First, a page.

He was sorry that he’d had to bind her hands earlier, but she’d left him no choice. When they’d readied to leave her uncle’s home, she’d come at Bjorn with her fingers hooked as if intent on clawing out his eyes. He recalled the feel of her struggling against him when he’d bound her, and his rod stiffened further. The Viking bit down on his tongue until his eyes watered. He was to deliver the woman untouched. Pity, I would know exactly what to do with her.
****
The fire had died down, and the Viking was snoring softly, his hand still wrapped around the empty wineskin. He’d flung off his blanket, and he lay bare-chested under the moonlit sky. Kadlin’s attention to his carved body was broken by the pain in her own. Her back ached and her thighs felt bruised from the long, brutal ride.
She didn’t know what to make of the Viking’s description of her husband-to-be, the jarl. He was old, so old in fact that Bjorn believed she’d be a widow before three winters had passed. And if she wasn’t? What if the jarl merely grew older and feebler? With no children to care for him, surely the duties would fall to his new bride. She had seen the old ones at the end. Their bodies folded in on themselves, and every step seemed to pain them. Sometimes, half of their body died, leaving one side of the face drooping and one arm hanging dead and limp with a useless clawed hand dangling from the end.
Kadlin stared up through the frame of the treetops at the stars shining from the black velvet sky. The pinpoints of light blurred as the tears filled her eyes. She’d been betrayed by her uncle and, she suspected, to no small degree her aunt, who’d never bothered to hide her dislike for her sister’s only child.
Kadlin had come to them as a young woman, unaccustomed to the wandering ways of her late mother’s people. They followed the reindeer herds, and whole families slept together in hide tents. She hadn’t realized how much solitude had meant to her until it had been stripped away. She longed for the privacy of her old sleeping cupboard and the stability of the strong frame cottage that had been built around it. Kadlin’s father had been a shipbuilder and her mother had seemed perfectly adapted to a more leisurely life than the one she had left behind. But Kadlin had never known anything different, and she had struggled to bend to her adopted family’s routine.   
Learning how to scrape hides, sew clothing, and artfully stitch beads had come slowly to Kadlin and her gaunt, birdlike aunt had expressed her displeasure from the very beginning. Even while Kadlin had still mourned her father, her aunt was loudly muttering about the unfair burden of being stuck with an extra mouth to feed. But her aunt and uncle had plenty to share. For all of his faults, her uncle was a skilled hunter and trapper. They never wanted for meat and there were always enough pelts to trade.
Kadlin suspected her aunt’s complaints had more to do with Kadlin herself. The woman had insisted that Kadlin keep her curls tamed in tight, matronly braids, claiming it was to keep the hair out of the food. And, not long before the Viking had come to fetch her, Kadlin’s aunt had taken to cruelly pinching her below her waist and hissing that Kadlin, “Ate like a cow with hips that were beginning to show it.” Kadlin knew that men didn’t think she looked like a cow and, indeed, often appraised the lush curve of her hips with a feral hunger in their eyes. And the single ones were always more than happy to sneak away with her for a few secret moments. She suspected that her aunt had noticed and that just stoked her hatred.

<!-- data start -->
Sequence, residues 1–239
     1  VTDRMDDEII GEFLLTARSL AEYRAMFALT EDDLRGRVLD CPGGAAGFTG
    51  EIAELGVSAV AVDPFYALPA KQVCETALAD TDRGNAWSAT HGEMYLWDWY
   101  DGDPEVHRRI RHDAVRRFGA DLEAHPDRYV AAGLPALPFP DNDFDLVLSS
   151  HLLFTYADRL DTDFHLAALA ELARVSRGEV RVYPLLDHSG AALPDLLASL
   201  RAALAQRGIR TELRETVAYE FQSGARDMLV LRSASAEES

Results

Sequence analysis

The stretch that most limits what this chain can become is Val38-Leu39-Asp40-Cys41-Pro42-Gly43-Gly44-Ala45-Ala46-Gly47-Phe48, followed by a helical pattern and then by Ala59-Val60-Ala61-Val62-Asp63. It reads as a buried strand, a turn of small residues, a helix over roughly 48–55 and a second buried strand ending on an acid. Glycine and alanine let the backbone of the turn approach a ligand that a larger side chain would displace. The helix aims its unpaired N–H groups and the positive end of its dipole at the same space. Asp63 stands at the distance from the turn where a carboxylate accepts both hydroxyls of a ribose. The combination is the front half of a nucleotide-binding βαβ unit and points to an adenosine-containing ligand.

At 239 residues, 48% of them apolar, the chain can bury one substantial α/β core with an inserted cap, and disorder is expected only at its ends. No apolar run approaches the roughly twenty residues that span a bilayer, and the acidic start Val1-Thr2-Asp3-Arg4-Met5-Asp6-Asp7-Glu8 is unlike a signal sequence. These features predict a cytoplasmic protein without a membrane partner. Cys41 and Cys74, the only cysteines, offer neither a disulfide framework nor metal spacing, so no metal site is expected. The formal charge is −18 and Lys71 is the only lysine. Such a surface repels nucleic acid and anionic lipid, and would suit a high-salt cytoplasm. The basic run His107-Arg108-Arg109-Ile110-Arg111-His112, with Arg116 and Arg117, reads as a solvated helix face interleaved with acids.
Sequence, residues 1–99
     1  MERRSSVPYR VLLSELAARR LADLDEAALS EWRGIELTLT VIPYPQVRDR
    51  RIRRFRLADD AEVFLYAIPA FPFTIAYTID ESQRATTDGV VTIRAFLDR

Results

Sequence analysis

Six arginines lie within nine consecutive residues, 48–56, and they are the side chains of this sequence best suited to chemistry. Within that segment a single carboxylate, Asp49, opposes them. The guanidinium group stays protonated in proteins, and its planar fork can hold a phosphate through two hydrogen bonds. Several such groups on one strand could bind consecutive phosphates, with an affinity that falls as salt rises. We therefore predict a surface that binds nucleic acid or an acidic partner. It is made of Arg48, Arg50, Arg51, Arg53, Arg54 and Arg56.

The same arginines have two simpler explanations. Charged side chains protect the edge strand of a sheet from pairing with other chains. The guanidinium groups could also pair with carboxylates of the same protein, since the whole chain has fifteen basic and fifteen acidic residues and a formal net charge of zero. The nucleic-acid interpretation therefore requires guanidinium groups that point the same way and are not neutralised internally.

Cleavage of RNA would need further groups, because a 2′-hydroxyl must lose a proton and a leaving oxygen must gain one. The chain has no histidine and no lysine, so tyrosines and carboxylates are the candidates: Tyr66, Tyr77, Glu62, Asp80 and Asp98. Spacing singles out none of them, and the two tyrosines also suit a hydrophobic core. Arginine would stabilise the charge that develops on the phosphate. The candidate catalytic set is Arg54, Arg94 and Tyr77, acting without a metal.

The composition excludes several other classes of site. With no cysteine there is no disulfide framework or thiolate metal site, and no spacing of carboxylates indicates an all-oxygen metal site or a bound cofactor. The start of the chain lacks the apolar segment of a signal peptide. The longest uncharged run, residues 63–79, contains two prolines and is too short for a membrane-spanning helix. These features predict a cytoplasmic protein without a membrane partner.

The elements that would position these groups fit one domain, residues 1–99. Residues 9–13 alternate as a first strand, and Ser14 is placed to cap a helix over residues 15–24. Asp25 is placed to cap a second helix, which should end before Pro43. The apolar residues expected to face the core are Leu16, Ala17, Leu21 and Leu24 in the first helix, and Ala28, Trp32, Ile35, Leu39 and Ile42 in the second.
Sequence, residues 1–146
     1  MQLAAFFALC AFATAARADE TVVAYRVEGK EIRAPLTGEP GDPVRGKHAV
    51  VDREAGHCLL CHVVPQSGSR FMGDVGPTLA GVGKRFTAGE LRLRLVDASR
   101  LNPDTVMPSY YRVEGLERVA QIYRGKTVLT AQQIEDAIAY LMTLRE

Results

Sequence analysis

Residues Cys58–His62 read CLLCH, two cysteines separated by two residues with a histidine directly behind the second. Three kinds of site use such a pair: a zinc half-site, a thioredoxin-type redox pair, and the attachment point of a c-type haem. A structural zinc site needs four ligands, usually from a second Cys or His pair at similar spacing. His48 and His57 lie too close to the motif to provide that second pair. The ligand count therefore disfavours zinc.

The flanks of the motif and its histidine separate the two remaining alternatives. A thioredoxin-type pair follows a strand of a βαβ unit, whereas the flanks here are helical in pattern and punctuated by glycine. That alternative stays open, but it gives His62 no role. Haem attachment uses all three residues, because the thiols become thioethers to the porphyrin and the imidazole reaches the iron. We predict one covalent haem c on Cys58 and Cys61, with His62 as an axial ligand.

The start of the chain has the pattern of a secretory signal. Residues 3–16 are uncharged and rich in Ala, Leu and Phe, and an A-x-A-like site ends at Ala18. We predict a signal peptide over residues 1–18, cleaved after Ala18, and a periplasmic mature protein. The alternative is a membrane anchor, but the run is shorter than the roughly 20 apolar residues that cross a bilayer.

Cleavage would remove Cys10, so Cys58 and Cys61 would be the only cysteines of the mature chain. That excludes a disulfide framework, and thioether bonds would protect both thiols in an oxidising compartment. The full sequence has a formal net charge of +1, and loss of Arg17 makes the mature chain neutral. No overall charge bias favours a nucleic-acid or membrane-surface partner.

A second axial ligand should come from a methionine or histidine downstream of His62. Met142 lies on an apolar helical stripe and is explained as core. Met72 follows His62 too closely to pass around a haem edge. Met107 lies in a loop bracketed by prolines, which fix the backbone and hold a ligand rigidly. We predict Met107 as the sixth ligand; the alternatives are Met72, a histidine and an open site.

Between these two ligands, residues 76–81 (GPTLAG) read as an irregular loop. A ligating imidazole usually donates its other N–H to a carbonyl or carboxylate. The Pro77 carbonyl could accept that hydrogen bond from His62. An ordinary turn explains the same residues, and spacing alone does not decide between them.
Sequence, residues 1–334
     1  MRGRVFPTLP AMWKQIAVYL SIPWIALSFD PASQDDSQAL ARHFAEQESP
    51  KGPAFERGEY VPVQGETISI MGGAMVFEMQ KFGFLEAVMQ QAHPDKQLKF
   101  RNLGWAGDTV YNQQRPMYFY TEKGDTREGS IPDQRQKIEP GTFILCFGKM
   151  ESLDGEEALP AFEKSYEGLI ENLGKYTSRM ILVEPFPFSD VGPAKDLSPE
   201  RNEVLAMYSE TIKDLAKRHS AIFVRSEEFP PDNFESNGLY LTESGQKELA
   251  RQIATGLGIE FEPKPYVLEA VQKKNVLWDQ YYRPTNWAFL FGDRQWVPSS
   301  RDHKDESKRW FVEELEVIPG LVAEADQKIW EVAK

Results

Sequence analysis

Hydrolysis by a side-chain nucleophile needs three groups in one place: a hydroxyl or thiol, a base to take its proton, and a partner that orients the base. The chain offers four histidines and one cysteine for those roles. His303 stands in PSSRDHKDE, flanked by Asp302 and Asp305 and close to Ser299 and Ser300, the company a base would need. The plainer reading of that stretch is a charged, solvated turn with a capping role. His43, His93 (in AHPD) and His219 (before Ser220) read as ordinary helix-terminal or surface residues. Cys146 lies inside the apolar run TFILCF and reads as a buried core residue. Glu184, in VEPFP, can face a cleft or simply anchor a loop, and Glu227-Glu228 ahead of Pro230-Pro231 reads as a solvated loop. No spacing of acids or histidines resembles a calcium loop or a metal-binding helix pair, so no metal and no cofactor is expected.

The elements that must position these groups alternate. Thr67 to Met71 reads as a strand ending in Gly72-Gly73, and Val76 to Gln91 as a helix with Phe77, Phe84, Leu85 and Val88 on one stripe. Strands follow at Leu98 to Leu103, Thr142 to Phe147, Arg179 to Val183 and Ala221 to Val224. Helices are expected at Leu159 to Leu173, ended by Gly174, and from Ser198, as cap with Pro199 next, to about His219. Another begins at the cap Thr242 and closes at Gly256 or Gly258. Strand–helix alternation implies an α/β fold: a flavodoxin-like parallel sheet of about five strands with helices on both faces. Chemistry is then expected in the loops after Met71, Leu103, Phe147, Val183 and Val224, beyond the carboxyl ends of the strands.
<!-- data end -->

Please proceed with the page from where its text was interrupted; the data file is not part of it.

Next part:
Kadlin winced when she remembered the ugly smirk on her aunt’s face the morning the Viking had come to collect her. She’d leaned in and hissed in Kadlin’s ear, “It’s a good thing the old jarl didn’t demand a virgin. He let us off easy.”
A sudden, sickening insight burst into Kadlin’s mind, and she sat bolt upright. She knew that her aunt kept a cache of coins and jewels hidden among the furs she slept on. Kadlin had seen it herself. One night she had woken and spied her aunt sitting beside the fire admiring her shiny stash. No doubt she’d amassed her collection slowly over the years, skimming a bauble here and there from the payments her husband earned by trading with the Vikings. Perhaps, she dreamt of finding a more comfortable life as her sister had. A tiny portion of that treasure would surely have been enough to satisfy her husband’s debt. Clearly, her aunt had seized the opportunity to be rid of her “unfair burden.” Kadlin supposed the pony had been a far greater loss to the bitter old hag.
Even if Kadlin could escape her fate, she wouldn’t be able to go back to her home, such as it was. She felt like a boat without anchor or sail. She couldn’t go backward, and she loathed going forward. Despair crashed over her and settled like a millstone on her chest.
The Viking snorted and rolled on his side. Kadlin hugged her knees to her chest and bowed her head, as if making herself small would rein in her galloping thoughts. She looked up to the heavens again and prayed to Freya, or whichever goddess was aware of this insignificant little piece of chattel huddled in a forest clearing. Each breath seemed a struggle as the reality of her future constricted her breast.
The rim of the great sky bowl began to glow with the first hint of dawn. The birds would stir soon, singing their morning song, and the Viking would wake and they would continue this awful trek. They would complete the last leg of the journey that would bring her to her dismal future.
Over Kadlin’s shoulder, the horses huffed quietly in their sleep. They would rouse soon as well.
A shuffling sound at the edge of the clearing drew her attention. She turned and saw an enormous, snow-white buck staring at her. She held her breath, waiting for the beautiful beast to startle and crash back into the forest. Instead, the deer bowed its head as if moving to graze, but his shiny black eyes remained fixed on Kadlin. Perched upon one great antler was a huge black raven, and Kadlin immediately recognized the omen.
“Freya,” Kadlin whispered. The raven spread out its wings.